There are a few gardens on Beaminster Road, starting with the 'big house' -

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    This has a vegetable garden that has been recycled from the original Beaminster Road, another of Bill Jones's creations.
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    Whilst the overgrown lawn has a rather nice summerhouse

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    On the other side of the layout, Rosie Miggin's small holding has the essentials of rural life.

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    We first met Rosie when buying fresh eggs and honey at her gate -

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    Next episode- boundaries
     
  16. Threadmark: Boundaries
    BR Group

    BR Group Active Member

    Boundaries



    Boundaries, whether they are walls, fences or simply a notice are distinctive. Beaminster Road is set in West Dorset, not particularly well known for dry stone walling or deep hedges, nevertheless, it has its own personality.

    One local plant has colonised the walls in these parts, to the extent that it is called 'setwall' but its name is wall valerian.

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    The lane to Dorset Farmers siding, the walling is typically overgrown.

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    More industrialised premises sometimes use closeboard fencing, two packs of Wills SS41 were more than sufficient and were carefully painted with grey plastic primer washed with copius quantities of Lifecolor underframe dirt suitably thinned to allow the primer to show through.

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    Quite a lot of effort for a simple but very visible feature of Beaminster Road
    Finally, a simple notice that delineinates the extent of railway property, the entrance sign to the station.


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    The Southern was prone to bouts of self publicity such as station entrance boards though Ashford rather than Eastleigh was more likely to be the culprit.
    Next episode - the Army
     
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  17. Threadmark: Ryall Military Railway
    BR Group

    BR Group Active Member

    As previously mentioned, the group has a shared background, we tend to leave subtle reminders of the proud military history of Dorset. We are two dark blues and a brown job, today is the turn of the latter, this is his contribution:-

    The Ryall Military Railway

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    The hamlet of Ryall is situated roughly 1km to the south of what was Beaminster Road station on the Dorchester & Exeter Railway. It was here that a small military training camp was established in 1914 as a for local militia regiments.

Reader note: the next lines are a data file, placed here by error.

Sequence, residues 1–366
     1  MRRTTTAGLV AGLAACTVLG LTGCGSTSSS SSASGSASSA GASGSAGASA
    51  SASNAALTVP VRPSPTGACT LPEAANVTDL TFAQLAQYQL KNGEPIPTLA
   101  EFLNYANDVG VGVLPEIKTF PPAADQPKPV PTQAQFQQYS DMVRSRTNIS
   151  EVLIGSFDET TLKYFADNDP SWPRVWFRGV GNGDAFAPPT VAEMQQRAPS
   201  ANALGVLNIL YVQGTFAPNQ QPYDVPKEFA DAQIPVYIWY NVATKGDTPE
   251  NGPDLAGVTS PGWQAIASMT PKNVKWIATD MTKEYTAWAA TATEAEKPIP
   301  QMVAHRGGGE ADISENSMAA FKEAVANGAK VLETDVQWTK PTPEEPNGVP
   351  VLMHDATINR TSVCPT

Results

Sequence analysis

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    King George the Fifth on a visit to Ryall Camp to inspect the Royal Loamshire Regiment

    Initially, there was no connecting railway involved in the construction of the accomodation huts at Ryall but due to the extreme rural nature of the lanes, construction of a 1km long light railway from the mainline some 900yds from Beaminster Road station was deemed essential and approved by A.W. Szlumper, the LSWR chief engineer at Waterloo in early 1915. The civil engineering company of Stuart & Co. were specialists in the building military camps and the railway was soon finished and opened for inspection on 15th October 1915 after Lt.Col. Drewitt had approved it on behalf of the War Department.

    Due to the topography, the line was not easily worked and required the services of a Peckett B2 'Westminster'.
    Post-1918, the line survived to serve the strategic store established on the site but the line was placed on 'care and maintenance' succumbing to rationalisation with the closure of the camp and railhead in 1945.

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    After nationalisation of the railways, the remaining railhead was sold into industrial use by Dorset Farmers Ltd and all traffic line entrusted to a BR 48DS DS1169

    Finally,

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    Memories of DonRs (Dispatch Rider) and David's father served as a DonR in the Royal Army Service Corps (R.A.S.C.) and this scene is a tribute to thier service.

    Next episode - the lumpy bits of Dorset
     
    Last edited: 2 February 2021
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  18. Threadmark: The lumpy bits of Dorset
    BR Group